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# sConservation of Linear Momentum

Dustin Buenaventura, Kim Lambert Cabaobao, Elben Joseph Camama, Mariya Dennise
Concepcion, John Paoleo Dona, Sharele Ebrada, Christian Albert Factoran
Group 2
Friday / 7-10 P.M. / OZ 309
Physics Department, Adamson University, Ermita, Manila

Abstract
This experiment tends to study the primary of conservation of linear momentum on one
dimension. Formulating a formula for

1. Introduction
2.
Linear
momentum
is
defined as the product of the mass and
the velocity. It is a vector quantity and
its direction is exactly the same as that
of
the
velocity.
Unlike
energy,
momentum is not transformed from one
form into another: momentum remains
momentum and is conserved in all
processes. For any system of physical
objects, the linear momentum is
conserved provided that no outside
forces act upon that system. This
requirement that the system be isolated
is reminiscent of our requirement for
mechanical energy conservation. When
we
design
an
experiment
to
demonstrate
the
conservation
of
momentum, we attempt to insure that
the collisions are completely elastic or
completely inelastic, and that no
external forces act on our well defined
colliding system. The conservation of
momentum law states that, in the
absence of external forces, the total
momentum of a system does not
change.
3.
The basic idea is to come
up with one or more equations that
allow us to predict the final velocities in
a system of colliding objects, based on
our knowledge of the initial masses and
velocities of the collision partners. The
measurements will allow us to extract
the velocities of our collision partners
before and after they collide with each
other. The measured initial velocities can
be used to calculate predicted final
velocities.
These
predicted
final
velocities can then be compared to the
final velocities you actually observe in
order to test the conservation of
momentum law.

4. Theory
5.
Momentum: The linear
momentum of a particle or an object
that can be modeled as a particle of
mass m moving with a velocity v is
defined to be the product of the mass
and velocity:
6.

p=mv

7.
Linear momentum is a
vector quantity because it equals the
product of a scalar quantity m and a
vector quantity v. Its direction
8. is along v, it has dimensions ML/T, and
its SI unit is kg E m/s. Using Newton fs
second law of motion, we can relate the
linear momentum of a particle to the
resultant force acting on the particle. We
start with the Newtonfs second law and
substitute the definition of acceleration:
9.

f =ma

10.
This shows that the time
rate of change of the linear momentum
of a particle is equal to the net force
acting on the particle. The impulse of
the force F acting on a particle equals
the change in the momentum of the
particle. From the Newtonfs second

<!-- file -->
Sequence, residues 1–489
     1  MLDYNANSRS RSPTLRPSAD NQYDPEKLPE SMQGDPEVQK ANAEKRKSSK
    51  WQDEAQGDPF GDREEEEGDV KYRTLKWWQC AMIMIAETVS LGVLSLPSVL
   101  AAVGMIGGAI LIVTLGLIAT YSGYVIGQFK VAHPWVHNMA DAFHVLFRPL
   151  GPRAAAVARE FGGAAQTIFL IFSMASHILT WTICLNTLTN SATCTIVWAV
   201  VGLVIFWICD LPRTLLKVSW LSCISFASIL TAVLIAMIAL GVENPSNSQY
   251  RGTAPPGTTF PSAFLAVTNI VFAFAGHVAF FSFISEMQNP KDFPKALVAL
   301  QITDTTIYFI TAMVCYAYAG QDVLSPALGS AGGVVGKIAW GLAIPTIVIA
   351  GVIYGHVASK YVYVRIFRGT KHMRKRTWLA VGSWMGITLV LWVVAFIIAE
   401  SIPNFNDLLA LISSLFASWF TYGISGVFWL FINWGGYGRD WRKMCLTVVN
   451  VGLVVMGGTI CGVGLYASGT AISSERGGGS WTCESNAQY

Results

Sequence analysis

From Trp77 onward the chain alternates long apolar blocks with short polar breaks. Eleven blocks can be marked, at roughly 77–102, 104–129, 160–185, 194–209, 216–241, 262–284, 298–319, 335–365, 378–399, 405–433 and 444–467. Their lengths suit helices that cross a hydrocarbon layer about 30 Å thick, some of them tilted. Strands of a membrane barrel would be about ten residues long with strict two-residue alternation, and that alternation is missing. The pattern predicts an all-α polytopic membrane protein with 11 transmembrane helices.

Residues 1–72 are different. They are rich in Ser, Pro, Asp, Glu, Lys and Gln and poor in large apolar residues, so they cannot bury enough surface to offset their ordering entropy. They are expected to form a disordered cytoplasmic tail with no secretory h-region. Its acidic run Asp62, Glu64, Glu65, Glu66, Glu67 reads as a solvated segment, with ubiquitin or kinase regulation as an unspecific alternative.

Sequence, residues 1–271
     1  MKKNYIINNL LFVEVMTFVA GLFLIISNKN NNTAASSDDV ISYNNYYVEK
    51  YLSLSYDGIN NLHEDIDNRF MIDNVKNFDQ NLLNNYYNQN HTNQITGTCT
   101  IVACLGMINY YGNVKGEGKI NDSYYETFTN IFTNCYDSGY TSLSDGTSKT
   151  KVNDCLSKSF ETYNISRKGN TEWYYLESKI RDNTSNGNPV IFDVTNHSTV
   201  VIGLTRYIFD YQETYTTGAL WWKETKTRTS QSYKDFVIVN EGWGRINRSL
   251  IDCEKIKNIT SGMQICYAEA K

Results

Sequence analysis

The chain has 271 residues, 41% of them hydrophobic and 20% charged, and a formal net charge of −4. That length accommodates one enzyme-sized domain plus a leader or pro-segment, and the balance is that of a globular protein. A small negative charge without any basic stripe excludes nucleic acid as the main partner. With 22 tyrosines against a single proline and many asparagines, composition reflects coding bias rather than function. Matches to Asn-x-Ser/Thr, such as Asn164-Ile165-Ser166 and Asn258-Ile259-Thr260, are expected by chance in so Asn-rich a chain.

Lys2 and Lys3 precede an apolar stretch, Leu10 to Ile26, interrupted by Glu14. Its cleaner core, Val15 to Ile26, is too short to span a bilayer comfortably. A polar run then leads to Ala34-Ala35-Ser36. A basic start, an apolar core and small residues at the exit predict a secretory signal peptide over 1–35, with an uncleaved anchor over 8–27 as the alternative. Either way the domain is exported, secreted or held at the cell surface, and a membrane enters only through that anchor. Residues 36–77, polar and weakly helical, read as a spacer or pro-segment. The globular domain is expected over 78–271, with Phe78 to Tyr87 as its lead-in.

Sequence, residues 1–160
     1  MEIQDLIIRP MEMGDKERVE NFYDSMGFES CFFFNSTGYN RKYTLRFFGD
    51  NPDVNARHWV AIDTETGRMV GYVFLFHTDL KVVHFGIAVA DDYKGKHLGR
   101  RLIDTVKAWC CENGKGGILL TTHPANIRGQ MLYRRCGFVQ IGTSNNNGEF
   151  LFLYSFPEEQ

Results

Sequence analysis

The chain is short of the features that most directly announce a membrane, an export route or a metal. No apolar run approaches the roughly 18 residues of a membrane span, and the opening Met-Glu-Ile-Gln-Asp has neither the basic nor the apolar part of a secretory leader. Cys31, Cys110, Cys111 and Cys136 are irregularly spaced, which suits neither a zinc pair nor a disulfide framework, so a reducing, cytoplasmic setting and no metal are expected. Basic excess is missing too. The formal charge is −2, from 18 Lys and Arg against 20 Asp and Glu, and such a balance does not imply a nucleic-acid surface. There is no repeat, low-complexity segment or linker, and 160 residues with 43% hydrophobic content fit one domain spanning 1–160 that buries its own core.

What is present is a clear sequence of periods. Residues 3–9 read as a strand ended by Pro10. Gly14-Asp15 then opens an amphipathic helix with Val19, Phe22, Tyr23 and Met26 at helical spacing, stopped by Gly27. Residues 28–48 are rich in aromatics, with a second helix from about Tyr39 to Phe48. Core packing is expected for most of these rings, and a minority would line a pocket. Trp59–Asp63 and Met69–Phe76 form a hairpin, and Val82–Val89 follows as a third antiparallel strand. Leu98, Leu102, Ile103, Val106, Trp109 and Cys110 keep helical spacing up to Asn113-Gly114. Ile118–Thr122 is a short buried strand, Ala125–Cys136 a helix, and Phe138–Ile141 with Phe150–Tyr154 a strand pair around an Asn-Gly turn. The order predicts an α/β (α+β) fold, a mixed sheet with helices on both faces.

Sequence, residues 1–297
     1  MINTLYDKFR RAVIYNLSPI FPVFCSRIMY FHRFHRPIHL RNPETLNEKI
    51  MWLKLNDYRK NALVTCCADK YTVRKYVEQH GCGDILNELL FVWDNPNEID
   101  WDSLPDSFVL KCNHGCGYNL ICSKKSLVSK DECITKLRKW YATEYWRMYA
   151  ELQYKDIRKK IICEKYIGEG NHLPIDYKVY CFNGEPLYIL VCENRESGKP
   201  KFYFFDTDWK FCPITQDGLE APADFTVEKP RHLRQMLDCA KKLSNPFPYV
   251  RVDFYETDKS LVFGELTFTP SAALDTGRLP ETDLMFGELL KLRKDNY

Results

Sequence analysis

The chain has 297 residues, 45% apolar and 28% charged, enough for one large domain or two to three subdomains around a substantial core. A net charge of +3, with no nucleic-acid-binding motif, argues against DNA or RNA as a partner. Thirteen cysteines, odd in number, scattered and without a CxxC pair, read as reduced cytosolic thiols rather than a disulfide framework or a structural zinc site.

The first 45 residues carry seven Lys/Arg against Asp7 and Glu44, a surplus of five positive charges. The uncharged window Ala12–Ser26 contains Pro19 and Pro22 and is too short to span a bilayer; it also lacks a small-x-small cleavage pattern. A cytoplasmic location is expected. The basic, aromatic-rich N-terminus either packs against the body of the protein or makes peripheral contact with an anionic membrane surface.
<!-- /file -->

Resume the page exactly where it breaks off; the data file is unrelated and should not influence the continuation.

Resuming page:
Law,
11. Impulse is defined as:
12.

I=f t

13. `
When we say that an impulse is
given to a particle, we mean that
momentum is transferred from an
external agent to that particle.
14.
15.
Conservation
of
Momentum: For a system consisting of
multiple masses, the total momentum of
the system is given by;
16.

(1)

## 17. where M is the total mass of the

system and v is the speed of the
center of mass. The total momentum of
a system of n particles is equal to the
multiplication of the total mass of the
system and the speed of the center of
mass. So long as the net force on the
entire system is zero, the total
momentum of the system remains
constant (conserved). This is called the
conservation of linear momentum.
Although the momentums of the each
particle in the system changes, total
momentum remains constant.

v=

18.

19. t=

difference=
20.

x
t

2H
g

## the time in which by the computed time

the group can get the velocity of each
ball. After computing for the velocity,
the group finally can get the initial and
final momentum with the help of the
computed and the formula for the
momentum.
31.
32.
Results and Discussion
33.
This
part
of
the
dissertation shows and discusses the
result of the experimentation. The result
is shown in the table below
34.
Table 1: First Pair of Ball

(2)

## 35. Mass Ball 1 (gm)

37. Mass Ball 2 (gm)
39. Time (s)
41. Height (cm)

(3)

p 1( p1 ' + p'2 )
p1+ ( p1 ' + p'2 )
2

36. 3.5
38. 8.4
40. 0.259
42. 32.9

43.

100
(4)

21.
Collisions: If two bodies
collide with each other, they apply a big
force to each other in a very short time
interval.
22.
23.
Methodology
24.
25. The group used the following
materials: metal stand with clamp, 4metal balls with different sizes, meter
stick, ramp, carbon paper, scotch tape
and a bond paper.
26.
27.
28.
Set up:

46. Tot
al
initi
al
mo
me
ntu
m
52. Ball
1

48. momentum

53. Bal
l1

54. Ball
2

55.

p1+ p 2 '
56.
g

61.

v1

75.

77. 78.

62.

76.

cm

cm

cm

81.
13

## 83. 85. 87.

4
8.4 32
86.
82.
84.
88.
102. 104.106. 108.
12
4
7.8 30
107.
103. 105.
109.

cm

cm

1
12 48

95.
4

## 90. 92. 94. 96.

110. 112. 114. 116.
1
11 44
3

97. 98.
8
13

118. 119.
8
8.

## 111. 113. 115. 117.

120.
121.
29.
30.
The group was assigned to
determine the total and final initial
momentum of four different ball sizes.
Using the computed mass and the
measured height the group able to get

49.
%
50.
Di

122.

124.

## Mass Ball2 (gm)

125.64.5

Time(s)

127.0.259

126.

128.Height(cm)

130.

123.24.7

129.32.9

3.

1.

4.

5.

16.

131.
132.
T
he
data
you
6. found in the first
D two tables was
used to calculate
Ball 1
9. Ball 1
10. Ball 2
11. 13.
the first two balls
p1+ p 2 'in which the
group used the
12.
smaller ball as
g
the first mass
17. 19. 21. 23. 25. 27. 29. 31. 33. 34. while the other
bigger ball was
v1
p1 x 1 ' v 1 ' p1 ' x 2 ' v 2 ' p2 '
used
as
the
18. 20. 22. 24. 26. 28. 30. 32.
second ball.

2.
T

8.

15.

x1

Total
initial
moment
um

51.

53. 54.

38.

40.

42.

44.

46.

48.

50.

52.

2

72.

74. 75.

57.

59.

61.

63.

65.

67.

69.

71.

73.